Millions of senior cats are homeless worldwide, and choosing to take one into your home instead of buying a kitten from a breeder is a responsible decision. Animal shelters are overwhelmed by abandoned senior cats looking for their forever homes. Unfortunately, many of them are euthanized because no one wants to adopt them.
While most people are entranced by the idea of adopting or buying a kitten or juvenile cat, there are several advantages to choosing a senior cat. Here are five primary reasons you should adopt a senior cat:
Senior cats have lower energy levels
Most senior cats have lower energy levels and are perfectly content to spend their days napping and watching the world go by. However, this makes their dietary requirements different from those of younger cats. Senior cat food contains a nutritional balance that suits a less active cat. To ensure that your kitty can eat and enjoy its food, keep its teeth clean and healthy using an organic dental powder for cats. Feline dental products are available from many suppliers, including Spectrin, Pet Naturals, NaturVet, Only Natural Pet, Nutri Vet, Vet’s Best, and Scruffy Paws Nutrition. Scruffy Paws scrub and shine dental powder is suitable for canines and felines, making it convenient for pet owners of ‘blended’ families. Its all-natural products fight off halitosis (stinky breath) by preventing plaque formation, dental disease, and gum conditions. Even if your senior cat already has some oral hygiene issues, this dental powder can prevent them from worsening, thereby improving your feline’s longevity and quality of life.
Ensure your senior cat has a comfortable bed or cat perch to nap on. However, prepare for this feline to take over your living room furniture, beds, and kitchen countertops. Cats are notorious for being able to sleep anywhere, and a senior kitty will be no different.
Senior cats are more independent
While these felines make fantastic companions, they require less human interaction with their owners than kittens or juvenile cats. Senior cats are less playful and more inclined to have a laidback outlook on life. This makes them more independent of their owners and less likely to demand attention. However, this does not mean that a senior cat will not show and want affection from its owner.
Affection and playfulness are two distinctly different feline characteristics. A senior cat will want to be petted and held. It will also want to be around its owner whenever they are home. Senior cats often need a lot of reassurance when their new owners bring them home and may take a few days to adapt to their new surroundings.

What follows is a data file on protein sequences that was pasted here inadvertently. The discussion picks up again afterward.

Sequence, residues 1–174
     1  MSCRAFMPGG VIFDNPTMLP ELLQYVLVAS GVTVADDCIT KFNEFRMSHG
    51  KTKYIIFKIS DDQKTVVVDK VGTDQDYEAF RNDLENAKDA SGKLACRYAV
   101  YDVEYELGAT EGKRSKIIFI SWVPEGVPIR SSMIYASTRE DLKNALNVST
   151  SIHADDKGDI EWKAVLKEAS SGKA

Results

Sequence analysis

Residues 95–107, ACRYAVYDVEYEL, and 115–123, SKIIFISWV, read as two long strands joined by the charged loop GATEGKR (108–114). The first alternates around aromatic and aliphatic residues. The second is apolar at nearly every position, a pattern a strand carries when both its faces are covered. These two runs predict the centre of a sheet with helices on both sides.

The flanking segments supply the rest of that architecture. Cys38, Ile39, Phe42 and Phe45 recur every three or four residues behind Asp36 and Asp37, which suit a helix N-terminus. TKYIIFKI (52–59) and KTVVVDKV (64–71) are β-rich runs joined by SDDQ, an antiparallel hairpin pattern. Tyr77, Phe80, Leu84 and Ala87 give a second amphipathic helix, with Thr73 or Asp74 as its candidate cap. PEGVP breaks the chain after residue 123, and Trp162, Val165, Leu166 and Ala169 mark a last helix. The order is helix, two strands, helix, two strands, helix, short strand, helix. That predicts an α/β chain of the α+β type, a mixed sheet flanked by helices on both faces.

Senior cats are wiser
If you do not want to deal with a kitten or cat getting stuck on a high shelf or tight spot, tangled up in extension cords, or scratching your furniture, a senior cat would be an ideal fit. These felines did all that exploring and getting up to mischief when they were young and tend not to be as reckless and foolhardy as younger cats.
With more life experience under their belts, senior cats better understand people and other animals. They will not insist on baiting your dog or terrifying the family parrot. Senior cats are also more tolerant of small children who might handle a kitty a little roughly while learning to be gentle with animals.
Senior cats have a track record
When adopting a senior cat, a shelter will have information such as how the feline interacts with other animals, which is valuable if you intend to take this cat home to a household that already has pets. The shelter will also have additional insights into whether the senior cat is fine with being left alone and how it adapts to new environments.
Taking on a kitten plunges you into a world of unknowns. Their personalities and temperaments only become apparent once they start maturing. Knowing this information beforehand will make choosing a senior cat a better fit for your circumstances.
Senior cats are cheaper to adopt
Many potential cat adoptees are surprised to discover that adopting a senior cat is less expensive than choosing a kitten or juvenile feline. Typically, these cats have been spayed or neutered, so the operation cost is not included in the adoption fee. The shelter will also ensure that a cat’s vaccinations are up to date. Once they reach adulthood, cats only need annual shots, unlike kittens that require more. This is already a cost saver. Indeed, in its quest to find a home for a senior cat, a shelter may waive the adoption fee in its entirety.
Senior cats do not require as much entertainment as kittens and juvenile felines. Their owners will save on buying toys and other objects to keep the cat occupied and stimulated. As mentioned before, all most senior cats need is regular feeding, a supply of water, a comfortable bed, and a lot of affection.